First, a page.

When a novel-original story is adapted into a film, a two-way relationship is formed; not only do the film producers expect to have fans of the book come to see the new version in cinemas, but the book publishers hope that those who like the film will eventually seek out the source material. So, both parties expect to benefit from newly-made and older fans with every new adaption. However, in some cases, this does not happen; occasionally a movie, TV series or video game can completely outshine the original source material to the point where it no longer exists in the public consciousness. For example, it’s often debated as to whether Die Hard is a Christmas movie or not, but rarely discussed if it matches the book it’s based on. The same can happen for Japanese media, if not more so, as sometimes the book or manga it’s based on is not always translated and brought over to the Western world, such as the semi-autobiographical book that Studio Ghibli’s Grave of the Fireflies is based on. The horror classic, Perfect Blue, is the same, thanks to Satoshi Kon’s excellent direction overshadowing the book, but now, for the first time ever, the original novel is available in English. So, what is it about the original book that captured Satoshi Kon’s attention? And can the book live up to the animated cult classic?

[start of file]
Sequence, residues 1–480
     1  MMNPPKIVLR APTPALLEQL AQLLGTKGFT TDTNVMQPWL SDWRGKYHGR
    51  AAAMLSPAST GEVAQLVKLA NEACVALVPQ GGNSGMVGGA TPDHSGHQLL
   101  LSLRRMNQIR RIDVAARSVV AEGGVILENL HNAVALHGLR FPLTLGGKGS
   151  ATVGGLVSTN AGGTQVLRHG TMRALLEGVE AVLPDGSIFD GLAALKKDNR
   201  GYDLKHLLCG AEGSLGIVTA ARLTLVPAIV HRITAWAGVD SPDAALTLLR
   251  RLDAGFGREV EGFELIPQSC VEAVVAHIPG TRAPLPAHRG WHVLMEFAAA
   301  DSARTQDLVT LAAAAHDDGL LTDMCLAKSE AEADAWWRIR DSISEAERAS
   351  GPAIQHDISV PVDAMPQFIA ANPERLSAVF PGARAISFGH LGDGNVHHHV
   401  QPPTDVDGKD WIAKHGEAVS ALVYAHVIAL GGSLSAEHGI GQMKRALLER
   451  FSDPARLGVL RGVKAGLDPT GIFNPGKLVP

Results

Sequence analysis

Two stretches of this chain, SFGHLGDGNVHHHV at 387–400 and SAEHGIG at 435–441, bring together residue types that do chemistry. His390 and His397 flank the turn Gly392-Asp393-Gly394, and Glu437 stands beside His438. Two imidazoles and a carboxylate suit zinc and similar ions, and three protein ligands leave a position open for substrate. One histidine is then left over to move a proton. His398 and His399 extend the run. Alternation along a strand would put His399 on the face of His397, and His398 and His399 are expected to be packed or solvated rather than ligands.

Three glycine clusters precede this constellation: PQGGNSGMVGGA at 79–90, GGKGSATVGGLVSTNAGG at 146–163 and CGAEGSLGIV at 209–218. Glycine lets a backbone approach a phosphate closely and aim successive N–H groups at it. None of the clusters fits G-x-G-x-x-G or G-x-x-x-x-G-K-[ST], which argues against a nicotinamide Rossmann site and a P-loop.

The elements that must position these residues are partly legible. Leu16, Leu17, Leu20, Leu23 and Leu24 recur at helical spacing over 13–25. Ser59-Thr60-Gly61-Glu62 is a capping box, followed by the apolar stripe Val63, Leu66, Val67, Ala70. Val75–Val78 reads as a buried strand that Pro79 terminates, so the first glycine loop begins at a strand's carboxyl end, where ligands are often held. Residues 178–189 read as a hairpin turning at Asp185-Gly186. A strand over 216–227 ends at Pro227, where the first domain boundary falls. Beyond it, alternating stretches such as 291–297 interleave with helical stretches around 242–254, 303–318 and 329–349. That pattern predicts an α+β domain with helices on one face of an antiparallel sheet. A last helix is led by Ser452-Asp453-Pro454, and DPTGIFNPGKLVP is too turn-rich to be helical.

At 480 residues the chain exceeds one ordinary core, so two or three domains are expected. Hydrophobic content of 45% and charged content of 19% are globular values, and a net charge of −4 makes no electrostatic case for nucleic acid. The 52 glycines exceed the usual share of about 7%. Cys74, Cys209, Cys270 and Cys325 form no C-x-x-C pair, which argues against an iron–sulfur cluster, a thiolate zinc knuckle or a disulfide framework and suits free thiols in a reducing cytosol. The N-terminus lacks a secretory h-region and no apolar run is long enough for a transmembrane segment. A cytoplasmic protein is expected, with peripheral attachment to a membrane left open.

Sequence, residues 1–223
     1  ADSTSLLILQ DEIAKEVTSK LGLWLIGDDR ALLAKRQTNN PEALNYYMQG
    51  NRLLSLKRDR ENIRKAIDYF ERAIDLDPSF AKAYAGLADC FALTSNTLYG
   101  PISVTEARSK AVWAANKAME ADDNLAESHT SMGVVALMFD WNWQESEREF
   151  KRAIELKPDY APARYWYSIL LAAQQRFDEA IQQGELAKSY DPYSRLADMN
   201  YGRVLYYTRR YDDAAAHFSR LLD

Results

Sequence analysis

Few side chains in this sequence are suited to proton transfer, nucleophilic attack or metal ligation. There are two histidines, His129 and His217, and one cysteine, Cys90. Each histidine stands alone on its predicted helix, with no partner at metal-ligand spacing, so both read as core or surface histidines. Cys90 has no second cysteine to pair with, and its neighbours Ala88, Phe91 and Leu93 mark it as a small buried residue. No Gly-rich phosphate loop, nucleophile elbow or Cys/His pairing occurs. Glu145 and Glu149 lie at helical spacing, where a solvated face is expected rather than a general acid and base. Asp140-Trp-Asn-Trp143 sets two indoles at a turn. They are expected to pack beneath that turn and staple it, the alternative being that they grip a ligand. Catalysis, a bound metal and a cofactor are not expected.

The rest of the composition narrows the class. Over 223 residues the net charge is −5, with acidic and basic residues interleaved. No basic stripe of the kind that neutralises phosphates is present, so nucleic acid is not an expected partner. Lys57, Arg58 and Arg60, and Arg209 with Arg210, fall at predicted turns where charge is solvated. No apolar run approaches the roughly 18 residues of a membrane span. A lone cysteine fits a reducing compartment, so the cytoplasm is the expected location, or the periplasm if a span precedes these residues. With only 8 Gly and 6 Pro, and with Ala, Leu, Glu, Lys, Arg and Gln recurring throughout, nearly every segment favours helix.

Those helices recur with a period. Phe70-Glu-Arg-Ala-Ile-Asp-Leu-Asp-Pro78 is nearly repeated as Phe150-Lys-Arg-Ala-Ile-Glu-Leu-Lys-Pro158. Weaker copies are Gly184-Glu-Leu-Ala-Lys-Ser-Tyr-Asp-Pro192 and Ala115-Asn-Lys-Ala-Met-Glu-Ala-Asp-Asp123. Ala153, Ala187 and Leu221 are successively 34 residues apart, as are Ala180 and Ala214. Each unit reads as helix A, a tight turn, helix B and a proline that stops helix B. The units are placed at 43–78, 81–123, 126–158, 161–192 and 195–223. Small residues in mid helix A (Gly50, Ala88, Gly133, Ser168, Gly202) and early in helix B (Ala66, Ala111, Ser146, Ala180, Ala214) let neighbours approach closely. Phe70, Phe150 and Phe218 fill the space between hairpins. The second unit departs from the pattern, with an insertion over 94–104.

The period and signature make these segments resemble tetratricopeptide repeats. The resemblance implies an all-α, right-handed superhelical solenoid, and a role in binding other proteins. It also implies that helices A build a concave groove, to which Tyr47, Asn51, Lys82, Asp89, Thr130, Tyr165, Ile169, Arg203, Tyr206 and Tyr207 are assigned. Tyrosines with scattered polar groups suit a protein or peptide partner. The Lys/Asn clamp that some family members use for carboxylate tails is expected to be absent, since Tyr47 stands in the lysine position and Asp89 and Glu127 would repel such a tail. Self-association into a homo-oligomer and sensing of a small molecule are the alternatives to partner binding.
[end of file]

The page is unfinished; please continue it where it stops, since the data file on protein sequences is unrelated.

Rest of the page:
On the surface, the plot of the movie and the book seem to be similar, with same-named characters and settings, even the cover of the book looks eerily like the outfit that Mima wears in the opening act of the film. But if you look closer, there’s actually a lot of minor, but significant differences. In the book, the story still follows a pop idol named Mima who seems to be at a crossroads in her career; she has mediocre CD sales and popularity, with the newcomer Ochiai Eri threatening to overshadow her. Mima’s manager suggests that she change her ‘pure’ and ‘innocent’ idol brand and evolve into a sexier image, complete with a risqué photo book release to coincide with her latest single ‘Sexy Valley’. As Mima starts to accept the new stage in her career, a mysterious man begins calling her personal number, begging her not to change, leaving messages at her work place and even at home. Then the begging turns to threats, and threats slowly turn into deadly anger…